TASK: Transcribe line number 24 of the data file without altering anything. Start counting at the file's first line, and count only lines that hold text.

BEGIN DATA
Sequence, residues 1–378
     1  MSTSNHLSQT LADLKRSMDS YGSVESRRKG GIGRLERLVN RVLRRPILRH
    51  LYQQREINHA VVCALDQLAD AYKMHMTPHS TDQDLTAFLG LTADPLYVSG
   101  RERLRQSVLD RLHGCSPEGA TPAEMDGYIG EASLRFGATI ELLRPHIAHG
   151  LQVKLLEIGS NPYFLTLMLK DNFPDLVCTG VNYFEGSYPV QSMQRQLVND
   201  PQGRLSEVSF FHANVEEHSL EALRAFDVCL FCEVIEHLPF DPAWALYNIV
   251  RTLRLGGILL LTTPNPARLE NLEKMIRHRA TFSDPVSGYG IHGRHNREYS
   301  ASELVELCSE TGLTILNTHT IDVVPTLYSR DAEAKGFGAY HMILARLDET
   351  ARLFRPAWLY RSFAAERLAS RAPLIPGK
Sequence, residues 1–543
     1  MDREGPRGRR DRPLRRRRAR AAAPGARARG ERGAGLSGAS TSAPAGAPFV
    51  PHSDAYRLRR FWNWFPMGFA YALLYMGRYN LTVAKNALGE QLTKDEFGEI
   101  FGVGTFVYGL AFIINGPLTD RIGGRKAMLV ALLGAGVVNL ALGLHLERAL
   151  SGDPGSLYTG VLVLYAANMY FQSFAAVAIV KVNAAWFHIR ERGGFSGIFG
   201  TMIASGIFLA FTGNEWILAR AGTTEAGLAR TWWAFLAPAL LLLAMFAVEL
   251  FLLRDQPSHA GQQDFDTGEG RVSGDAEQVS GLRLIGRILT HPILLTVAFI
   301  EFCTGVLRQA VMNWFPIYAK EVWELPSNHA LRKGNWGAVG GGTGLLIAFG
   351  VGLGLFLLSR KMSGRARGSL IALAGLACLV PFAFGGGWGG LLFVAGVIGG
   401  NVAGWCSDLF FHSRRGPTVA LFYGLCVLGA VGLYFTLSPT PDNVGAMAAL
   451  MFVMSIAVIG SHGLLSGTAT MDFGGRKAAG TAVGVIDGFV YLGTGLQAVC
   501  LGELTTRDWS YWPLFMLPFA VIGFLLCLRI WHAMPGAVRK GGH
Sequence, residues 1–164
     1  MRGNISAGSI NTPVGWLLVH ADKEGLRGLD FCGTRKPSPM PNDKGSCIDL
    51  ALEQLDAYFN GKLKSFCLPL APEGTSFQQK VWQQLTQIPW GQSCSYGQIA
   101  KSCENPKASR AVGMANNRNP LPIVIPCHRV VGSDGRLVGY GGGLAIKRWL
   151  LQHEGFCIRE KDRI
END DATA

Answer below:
    51  ALEQLDAYFN GKLKSFCLPL APEGTSFQQK VWQQLTQIPW GQSCSYGQIA